After six years, 125 global artists and around 62,450 frames, Dorota Kobiela and Hugh Welchman’s product, “Loving Vincent” is worth every brushstroke. The world’s first fully oil-painted feature film is a complex cinematic narrative that not only brings Van Gogh’s portraits and landscapes to life, but also works to destigmatize the mental illness that takes the forefront of most narratives of Van Gogh’s life story and turned him into perhaps the most iconic representative of the tortured artist archetype.
It’s important to note that “Loving Vincent” is essentially an animated museum—a moving exhibition focused on using Van Gogh’s paintings and letters to question Van Gogh’s supposed suicide, rather than a documentary that gives a blow-by-blow of Van Gogh’s misery. The film addresses the legends around the artist’s suicide in a more diaristic form, using Van Gogh’s letters as a foundation. It also gives a fictionalized murder mystery narrative involving young Armand Roulin (Douglas Booth) who wishes to find the proper recipient for the last letter Van Gogh had written for his soon-deceased brother.
Through interviews with characters from portraits Van Gogh painted in real life, the film crafts a Poirot-like crime story that traces and maps the differing stories of villagers to uncover the “true” happenings that led to Vincent’s death, as well as the type of man he was—quiet, humble and lonely with a warm heart and curious soul. The film uses family history, friendships and village acquaintances enlighten viewers on the roots of Vincent’s depression, his love for his brother Theo and his relationships with the people he painted that truly recognized his talent, such as Dr. Gachet (Jerome Flynn) and Père Tanguy (John Sessions).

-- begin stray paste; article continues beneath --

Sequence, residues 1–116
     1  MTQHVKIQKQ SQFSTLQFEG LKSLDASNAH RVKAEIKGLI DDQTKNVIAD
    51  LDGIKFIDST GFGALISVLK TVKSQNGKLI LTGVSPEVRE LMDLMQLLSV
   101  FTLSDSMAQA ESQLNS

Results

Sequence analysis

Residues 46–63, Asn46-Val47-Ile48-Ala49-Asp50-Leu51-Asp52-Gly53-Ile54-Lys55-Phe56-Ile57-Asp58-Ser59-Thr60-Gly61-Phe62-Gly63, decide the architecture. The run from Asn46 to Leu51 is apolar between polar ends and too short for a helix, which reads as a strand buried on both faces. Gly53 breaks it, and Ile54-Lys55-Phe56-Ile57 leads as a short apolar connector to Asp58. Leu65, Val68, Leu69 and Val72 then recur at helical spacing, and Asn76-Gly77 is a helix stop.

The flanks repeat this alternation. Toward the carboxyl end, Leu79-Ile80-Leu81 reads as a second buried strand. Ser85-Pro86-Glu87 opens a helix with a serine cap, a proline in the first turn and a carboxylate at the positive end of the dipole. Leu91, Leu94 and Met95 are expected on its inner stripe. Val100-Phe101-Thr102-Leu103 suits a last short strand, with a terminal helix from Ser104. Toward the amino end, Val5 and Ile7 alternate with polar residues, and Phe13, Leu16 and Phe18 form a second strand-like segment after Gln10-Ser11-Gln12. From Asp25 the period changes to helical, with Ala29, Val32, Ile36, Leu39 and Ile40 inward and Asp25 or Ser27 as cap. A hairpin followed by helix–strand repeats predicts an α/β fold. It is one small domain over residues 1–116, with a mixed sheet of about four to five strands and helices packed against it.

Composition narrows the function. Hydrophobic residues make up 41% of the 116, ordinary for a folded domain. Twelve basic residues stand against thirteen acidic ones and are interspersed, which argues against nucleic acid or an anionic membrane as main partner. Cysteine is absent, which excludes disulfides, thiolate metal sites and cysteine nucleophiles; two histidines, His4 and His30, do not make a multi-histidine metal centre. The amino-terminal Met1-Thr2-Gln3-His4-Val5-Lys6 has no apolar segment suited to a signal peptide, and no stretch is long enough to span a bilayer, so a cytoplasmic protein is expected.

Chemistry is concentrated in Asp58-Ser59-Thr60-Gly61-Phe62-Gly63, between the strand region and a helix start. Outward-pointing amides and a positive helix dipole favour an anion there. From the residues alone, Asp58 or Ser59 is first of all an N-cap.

Rendered off of Van Gogh’s own idiosyncratic modernist style, the film’s paintings bring its characters to life, embodying Van Gogh’s dedication to expressing man and nature’s inner spirituality. As the textured and gestural brushstrokes depict the psychological dynamism of Van Gogh’s own life, so do they also express the emotions and perspectives of the various characters, transforming two-dimensional artwork into a psychedelic story that breaks the traditional boundaries of film animation. Past and present are strictly distinguished by transitioning from paintings that resemble his smoother and more traditional early works to those possessing the rhythmic and vivid chaos of his iconic later works.
The film seeks to do with its paintings what Van Gogh sought to accomplish with his: to “touch people with [his] art” and to show the depth and tenderness of his feelings. By looking at his life via flashbacks of those who knew him and lacing the film with narration of personal letters, “Loving Vincent” presents a deeper and more complex picture of Van Gogh as a human being that goes past “that artist that chopped off his ear.” Viewers can marvel at the beauty of each and every frame, but they can also enjoy a cinematic experience that reverses the typical portayal of the artist’s self-destruction, instead using Van Gogh’s tradition-altering work as a means to appreciate his life and struggles.